Locals react to Sanders’ budget plan
Community leaders are weighing in on Mayor Jerry Sanders’ 18-month proposal to deal with the projected $179 million budget deficit for fiscal year 2011 by making reductions in virtually every city department and having them take effect on Jan. 1.
The spending plan, which maintains the jobs of all sworn police and fire personnel and avoids closures of libraries and recreation centers, calls for a full pension payment and leaves reserves untouched. The mayor wants the changes enacted six months earlier than the normal start of the fiscal year.
“This recession has had a deep impact on virtually every city in the country, and San Diego is no exception,” said Sanders. “While far from painless, this plan balances the budget without decimating city services or jeopardizing our good standing on Wall Street.”
Sanders’ plan incorporates $82.6 million in ongoing structural reductions, largely through cutting 530 positions — 200 of which are currently filled.
Joe Parker, incoming Bird Rock Community Council president, had a wait-and-see reaction to the mayor’s proposal.
“It’s something of a fluid dynamic and it’s hard to tell at this early stage what potential affects it could have on local communities,” he said. “There appears to be disagreement as to whether cuts have to be more drastic — or there are opportunities to pick and choose.”
Outgoing La Jolla Shores Association Chairman Jim Heaton noted the city is doing what it has to.
“The mayor’s cuts, unfortunately, are required and necessary,” he said. “I hope that’s as deep as we have to go. This is going to put additional pressure on individual local communities to help maintain our beaches and quality of life.”
First District Councilwoman Sherri Lightner confirmed that there will be cuts to public services, including some in her district which includes most of La Jolla as well as other areas in the northern part of the city.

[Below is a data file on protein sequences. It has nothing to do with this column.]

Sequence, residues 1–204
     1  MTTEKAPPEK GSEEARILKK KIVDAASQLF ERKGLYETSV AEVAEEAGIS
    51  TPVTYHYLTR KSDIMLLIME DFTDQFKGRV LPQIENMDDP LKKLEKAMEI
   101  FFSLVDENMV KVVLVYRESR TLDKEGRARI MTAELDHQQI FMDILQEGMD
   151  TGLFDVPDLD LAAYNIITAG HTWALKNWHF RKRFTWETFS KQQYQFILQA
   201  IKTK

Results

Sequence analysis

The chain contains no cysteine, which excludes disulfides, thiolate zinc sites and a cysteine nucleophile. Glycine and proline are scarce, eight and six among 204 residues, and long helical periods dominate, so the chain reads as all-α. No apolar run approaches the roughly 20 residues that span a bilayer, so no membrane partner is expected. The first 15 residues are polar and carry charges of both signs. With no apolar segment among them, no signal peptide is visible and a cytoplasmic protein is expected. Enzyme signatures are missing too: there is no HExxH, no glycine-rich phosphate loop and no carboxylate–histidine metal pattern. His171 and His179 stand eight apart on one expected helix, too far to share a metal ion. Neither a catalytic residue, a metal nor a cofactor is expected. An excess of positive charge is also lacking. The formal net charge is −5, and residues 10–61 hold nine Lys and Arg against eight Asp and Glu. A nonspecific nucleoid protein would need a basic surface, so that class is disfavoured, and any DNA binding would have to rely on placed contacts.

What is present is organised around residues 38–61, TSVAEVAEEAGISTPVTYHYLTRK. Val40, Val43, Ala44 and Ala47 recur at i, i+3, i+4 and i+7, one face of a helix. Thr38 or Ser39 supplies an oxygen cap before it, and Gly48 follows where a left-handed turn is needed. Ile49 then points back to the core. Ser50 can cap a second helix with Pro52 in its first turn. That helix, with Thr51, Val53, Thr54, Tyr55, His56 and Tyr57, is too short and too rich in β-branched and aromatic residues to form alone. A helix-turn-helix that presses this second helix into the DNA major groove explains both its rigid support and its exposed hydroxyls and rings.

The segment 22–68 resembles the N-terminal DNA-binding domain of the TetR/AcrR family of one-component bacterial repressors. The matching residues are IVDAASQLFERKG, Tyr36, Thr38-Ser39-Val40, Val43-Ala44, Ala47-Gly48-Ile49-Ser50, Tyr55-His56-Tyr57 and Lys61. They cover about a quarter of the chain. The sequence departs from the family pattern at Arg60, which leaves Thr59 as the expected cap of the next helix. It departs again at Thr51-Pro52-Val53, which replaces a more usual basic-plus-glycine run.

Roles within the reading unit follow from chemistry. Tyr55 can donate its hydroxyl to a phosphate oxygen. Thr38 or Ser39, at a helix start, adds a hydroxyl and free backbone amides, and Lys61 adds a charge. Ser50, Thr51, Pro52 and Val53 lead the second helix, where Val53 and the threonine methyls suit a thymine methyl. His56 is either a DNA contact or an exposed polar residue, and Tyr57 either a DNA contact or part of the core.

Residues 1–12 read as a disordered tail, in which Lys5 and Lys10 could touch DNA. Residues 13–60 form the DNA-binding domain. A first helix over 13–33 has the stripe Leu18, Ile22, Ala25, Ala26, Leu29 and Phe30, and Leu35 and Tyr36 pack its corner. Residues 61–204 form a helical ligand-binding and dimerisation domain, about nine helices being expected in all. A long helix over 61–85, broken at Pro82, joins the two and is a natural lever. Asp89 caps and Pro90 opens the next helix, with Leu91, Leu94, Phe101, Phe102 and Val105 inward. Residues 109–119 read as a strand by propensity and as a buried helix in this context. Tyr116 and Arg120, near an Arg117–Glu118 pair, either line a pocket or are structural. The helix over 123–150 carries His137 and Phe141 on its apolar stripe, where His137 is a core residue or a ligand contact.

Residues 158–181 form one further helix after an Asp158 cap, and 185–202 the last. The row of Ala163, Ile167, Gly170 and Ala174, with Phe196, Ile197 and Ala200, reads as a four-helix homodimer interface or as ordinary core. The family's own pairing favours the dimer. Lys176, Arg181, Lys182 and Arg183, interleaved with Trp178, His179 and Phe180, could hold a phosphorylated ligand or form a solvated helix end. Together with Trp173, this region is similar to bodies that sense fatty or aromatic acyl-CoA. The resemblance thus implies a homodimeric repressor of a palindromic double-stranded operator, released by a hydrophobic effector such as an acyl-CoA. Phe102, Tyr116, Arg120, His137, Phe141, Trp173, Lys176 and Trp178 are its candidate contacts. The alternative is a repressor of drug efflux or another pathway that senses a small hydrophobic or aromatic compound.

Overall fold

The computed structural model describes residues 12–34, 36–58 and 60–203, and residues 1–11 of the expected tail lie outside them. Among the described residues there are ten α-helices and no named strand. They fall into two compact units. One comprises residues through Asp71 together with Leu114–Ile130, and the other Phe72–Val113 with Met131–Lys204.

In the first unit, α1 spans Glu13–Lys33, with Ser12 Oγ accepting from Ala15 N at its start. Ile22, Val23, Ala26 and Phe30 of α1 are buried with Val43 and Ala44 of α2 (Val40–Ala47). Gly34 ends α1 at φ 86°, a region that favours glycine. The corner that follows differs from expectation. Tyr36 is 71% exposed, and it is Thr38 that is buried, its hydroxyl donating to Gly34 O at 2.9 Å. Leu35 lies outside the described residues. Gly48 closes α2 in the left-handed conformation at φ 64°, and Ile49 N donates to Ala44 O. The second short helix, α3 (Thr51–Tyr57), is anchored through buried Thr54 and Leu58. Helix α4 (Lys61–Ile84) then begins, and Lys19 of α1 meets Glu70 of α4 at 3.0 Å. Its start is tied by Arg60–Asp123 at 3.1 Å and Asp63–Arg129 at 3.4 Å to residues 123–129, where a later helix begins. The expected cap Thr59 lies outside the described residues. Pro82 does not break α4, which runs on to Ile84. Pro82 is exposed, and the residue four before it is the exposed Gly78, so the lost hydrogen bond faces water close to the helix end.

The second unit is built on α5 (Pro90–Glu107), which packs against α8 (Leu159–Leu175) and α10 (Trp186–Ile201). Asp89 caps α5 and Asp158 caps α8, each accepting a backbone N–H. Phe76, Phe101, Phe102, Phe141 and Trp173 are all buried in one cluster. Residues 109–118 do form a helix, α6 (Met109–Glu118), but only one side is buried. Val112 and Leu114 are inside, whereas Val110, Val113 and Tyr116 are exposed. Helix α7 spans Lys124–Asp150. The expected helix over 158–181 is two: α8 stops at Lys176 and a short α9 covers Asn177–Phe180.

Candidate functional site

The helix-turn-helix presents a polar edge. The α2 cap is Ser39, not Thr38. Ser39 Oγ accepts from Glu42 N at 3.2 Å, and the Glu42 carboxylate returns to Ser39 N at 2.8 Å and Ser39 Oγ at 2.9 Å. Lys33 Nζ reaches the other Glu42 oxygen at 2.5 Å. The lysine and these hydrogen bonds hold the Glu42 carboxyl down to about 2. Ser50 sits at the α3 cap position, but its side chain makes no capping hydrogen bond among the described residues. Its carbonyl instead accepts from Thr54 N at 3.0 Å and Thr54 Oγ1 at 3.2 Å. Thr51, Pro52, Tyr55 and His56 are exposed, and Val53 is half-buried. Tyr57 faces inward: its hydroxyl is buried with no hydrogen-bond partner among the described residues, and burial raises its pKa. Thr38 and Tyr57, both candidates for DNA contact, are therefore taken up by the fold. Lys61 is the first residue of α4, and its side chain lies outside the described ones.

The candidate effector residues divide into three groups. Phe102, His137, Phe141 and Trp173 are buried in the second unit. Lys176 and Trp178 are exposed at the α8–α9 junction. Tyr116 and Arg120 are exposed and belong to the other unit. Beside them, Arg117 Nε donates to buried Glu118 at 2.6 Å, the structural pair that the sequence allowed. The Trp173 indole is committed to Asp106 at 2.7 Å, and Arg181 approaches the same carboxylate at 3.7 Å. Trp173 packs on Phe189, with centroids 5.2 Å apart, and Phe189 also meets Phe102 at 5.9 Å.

“There will be effects for rec centers and libraries,” she said. “The University City library will be open three days a week and hours will be cut. We may have (service reductions) with fire stations, though we don’t know which stations will be affected.”
Lightner noted the mayor’s proposal at this stage is exactly that, and things may change with budget deliberations.
“They (public) may have suggestions on how to minimize the costs to specific communities, and may provide us with more opportunities to volunteer as well,” she said.
Lightner’s District 2 counterpart — Councilman Kevin Faulconer, whose district includes part of Mount Soledad and Bird Rock —said the mayor’s proposal includes “numerous structural changes and a leaner, more efficient work force with minimal impacts to core city services.”
Longtime La Jollan and cityhood advocate Melinda Merryweather described the mayor’s proposed cuts as “beyond horrible,” noting it’s one more reason to seek independence.
Gavin McBride, speaking on behalf of the San Diego Association for Lifeguards, said the group’s goal was no reduction in service.
“The mayor’s proposal calls for elimination of permanent staff at Black’s (Beach) in the wintertime,” he said. “We’re hoping to give the mayor’s office and the City Council some suggestions for revenue generation which hopefully will bring that crew up there back.”
NOTE: After press time, Lightner’s office reported that Sanders is “no longer proposing creating 16 library paring, but instead wants to cut library hurs from 41 to 36 hours per week across the board at all branches.”